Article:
Anytime you buy a business you want the transaction and the transition to go as smoothly as possible. There are lots of relationships to manage, and even after a thorough due diligence process, there are going to be surprises and questions. 

When this happens, it’s nice to have the previous owner around. 

HVAC business broker, Patrick Lange says it should be part of every sales agreement.

“There is no question, it’s best to have the previous owner involved in the transition. The perfect scenario is to tell employees about the sale after the deal closes. I recommend informing your team the same day or no later than the day after. Call everyone in for the meeting. The previous owner should begin the conversation and explain the sequence of events and reasons for selling the company. The narrative should go something like this:

 

‘As you know, I’ve had my eye on retirement for some time. Rather than me just shutting the company down and eliminating your jobs, I was searching for a new owner that shared our values, ambitions, and integrity. I’m pleased to announce (new owner.) 

I care about you and that’s why I’m sticking around for a while so that we have a smooth transition. Please allow the new owners an opportunity to earn your trust and respect.’

 

What’s not so clear is how long the previous owner should stay.

Lange recommends setting some milestones for the transition. It might be meeting the largest customers, having lunch with suppliers, and meeting with employees individually.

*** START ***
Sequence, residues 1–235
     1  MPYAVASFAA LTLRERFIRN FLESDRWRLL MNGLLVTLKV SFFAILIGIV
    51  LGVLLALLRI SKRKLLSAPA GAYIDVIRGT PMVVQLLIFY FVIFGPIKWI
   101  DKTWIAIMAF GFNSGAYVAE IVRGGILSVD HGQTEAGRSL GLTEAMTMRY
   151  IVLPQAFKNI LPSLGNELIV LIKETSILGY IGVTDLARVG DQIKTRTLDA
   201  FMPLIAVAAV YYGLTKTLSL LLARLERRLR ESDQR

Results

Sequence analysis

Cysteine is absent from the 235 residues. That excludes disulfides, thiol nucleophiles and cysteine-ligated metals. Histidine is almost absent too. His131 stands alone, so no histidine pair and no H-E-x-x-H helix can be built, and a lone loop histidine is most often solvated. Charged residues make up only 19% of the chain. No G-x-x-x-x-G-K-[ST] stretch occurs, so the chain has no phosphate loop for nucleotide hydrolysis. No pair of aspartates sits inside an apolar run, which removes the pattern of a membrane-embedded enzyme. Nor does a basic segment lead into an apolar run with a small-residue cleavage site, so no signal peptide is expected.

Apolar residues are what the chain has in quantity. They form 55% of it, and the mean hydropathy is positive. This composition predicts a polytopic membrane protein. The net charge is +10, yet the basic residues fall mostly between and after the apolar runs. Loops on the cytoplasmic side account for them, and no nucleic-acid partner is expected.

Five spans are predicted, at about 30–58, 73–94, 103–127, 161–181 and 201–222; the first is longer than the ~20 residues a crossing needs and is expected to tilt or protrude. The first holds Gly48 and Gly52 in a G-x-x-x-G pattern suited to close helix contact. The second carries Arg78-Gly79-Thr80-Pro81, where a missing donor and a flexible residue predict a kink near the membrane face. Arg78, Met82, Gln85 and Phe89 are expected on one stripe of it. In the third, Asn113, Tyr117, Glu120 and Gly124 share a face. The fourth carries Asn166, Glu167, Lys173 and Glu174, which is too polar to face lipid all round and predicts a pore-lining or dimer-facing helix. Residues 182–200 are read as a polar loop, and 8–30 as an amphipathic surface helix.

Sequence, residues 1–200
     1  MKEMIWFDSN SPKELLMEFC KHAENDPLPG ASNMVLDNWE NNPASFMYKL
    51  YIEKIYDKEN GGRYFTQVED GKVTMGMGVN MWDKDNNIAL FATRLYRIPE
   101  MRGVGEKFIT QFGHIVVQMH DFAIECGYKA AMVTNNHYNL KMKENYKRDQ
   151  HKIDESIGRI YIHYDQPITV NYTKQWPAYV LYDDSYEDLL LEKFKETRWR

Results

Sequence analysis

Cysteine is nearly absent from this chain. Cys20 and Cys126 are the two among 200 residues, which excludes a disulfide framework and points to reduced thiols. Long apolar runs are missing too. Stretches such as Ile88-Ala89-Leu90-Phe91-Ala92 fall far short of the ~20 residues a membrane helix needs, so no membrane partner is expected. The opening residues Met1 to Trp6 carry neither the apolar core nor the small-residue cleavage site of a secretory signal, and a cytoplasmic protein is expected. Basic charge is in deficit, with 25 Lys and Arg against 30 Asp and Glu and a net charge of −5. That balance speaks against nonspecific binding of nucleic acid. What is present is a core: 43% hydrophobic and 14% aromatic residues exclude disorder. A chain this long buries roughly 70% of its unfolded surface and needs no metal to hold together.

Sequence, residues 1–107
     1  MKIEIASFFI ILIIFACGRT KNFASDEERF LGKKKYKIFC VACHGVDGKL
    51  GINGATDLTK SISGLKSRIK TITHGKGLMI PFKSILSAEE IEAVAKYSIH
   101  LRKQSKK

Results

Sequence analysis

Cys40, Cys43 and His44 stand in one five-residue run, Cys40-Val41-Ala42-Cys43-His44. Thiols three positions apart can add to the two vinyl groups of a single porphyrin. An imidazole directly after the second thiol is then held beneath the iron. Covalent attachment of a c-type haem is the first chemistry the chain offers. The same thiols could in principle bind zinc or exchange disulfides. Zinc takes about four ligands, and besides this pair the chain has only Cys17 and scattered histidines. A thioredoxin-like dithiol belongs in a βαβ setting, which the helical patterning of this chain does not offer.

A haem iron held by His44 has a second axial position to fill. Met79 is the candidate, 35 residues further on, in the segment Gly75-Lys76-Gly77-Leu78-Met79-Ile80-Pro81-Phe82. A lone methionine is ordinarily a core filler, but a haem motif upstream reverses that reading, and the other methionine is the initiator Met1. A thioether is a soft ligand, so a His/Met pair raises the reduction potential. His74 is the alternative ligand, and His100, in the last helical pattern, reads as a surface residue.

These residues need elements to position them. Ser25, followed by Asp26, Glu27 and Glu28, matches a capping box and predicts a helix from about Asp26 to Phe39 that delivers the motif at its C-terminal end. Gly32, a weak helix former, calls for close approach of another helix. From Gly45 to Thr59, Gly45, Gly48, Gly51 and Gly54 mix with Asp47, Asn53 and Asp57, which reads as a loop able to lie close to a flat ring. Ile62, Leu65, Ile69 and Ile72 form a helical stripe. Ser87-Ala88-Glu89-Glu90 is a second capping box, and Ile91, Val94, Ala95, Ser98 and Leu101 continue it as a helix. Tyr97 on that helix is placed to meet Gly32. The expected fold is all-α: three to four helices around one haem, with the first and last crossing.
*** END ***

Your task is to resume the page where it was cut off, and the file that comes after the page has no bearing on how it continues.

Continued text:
After this is accomplished and there is a firm grasp on operations, there is little reason for the previous owner to show up for work. 

What could change things is the experience of the buyer. If the buyer is an industry novice without their own license, it would be in their best interest to structure a longer transition plan. Conversely, if the buyer is a larger company with solid systems and acquisition experience, they may not need the previous owner beyond the initial meeting with employees. 

Regardless, goals and milestones should be clearly understood between the parties. 

Remember, the previous owner built the business to the best of their ability. They didn’t grow further because of the owner’s skill, management style, or financial acumen. It’s unrealistic to keep them long-term and expect better performance because you already have seen their body of work. 

Lange says to remember you’re the boss. You don’t want to keep the previous owner too long where they slide into old habits and employees are coming to them for decisions. 

I’ve seen these transitions done a dozen ways. What works best is when the new owner keeps the previous owner on for 30 days with 2 options to renew at 30 days each. However, in no circumstance should the agreement exceed 90 days. 

Without using the “option to renew” language, you run the risk of having to fire the previous owner. Doing that could cause a human resource problem with your staff and ruin relationships. You don’t want to get the reputation that you mistreat people. 

Lastly, have a plan. The previous owner has institutional knowledge that has to be passed along, but it shouldn’t take long to have all you need to move forward with your new company.

 

 About Patrick Lange

 

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Patrick Lange is an experienced HVAC-specific business broker with Business Modification Group based in Horseshoe Beach, Florida. He has a unique background in financial planning and has even owned an HVAC business himself. This makes him well suited to working with some of the most successful HVAC business owners in the country. Specializing in companies with 1-10 million dollars in revenue, he maintains a network of buyers and sellers in the industry. He has sold more HVAC businesses than any other broker in the United States over the last 12 months and is currently the Vice President of the Business Brokers of Florida (North Florida District.)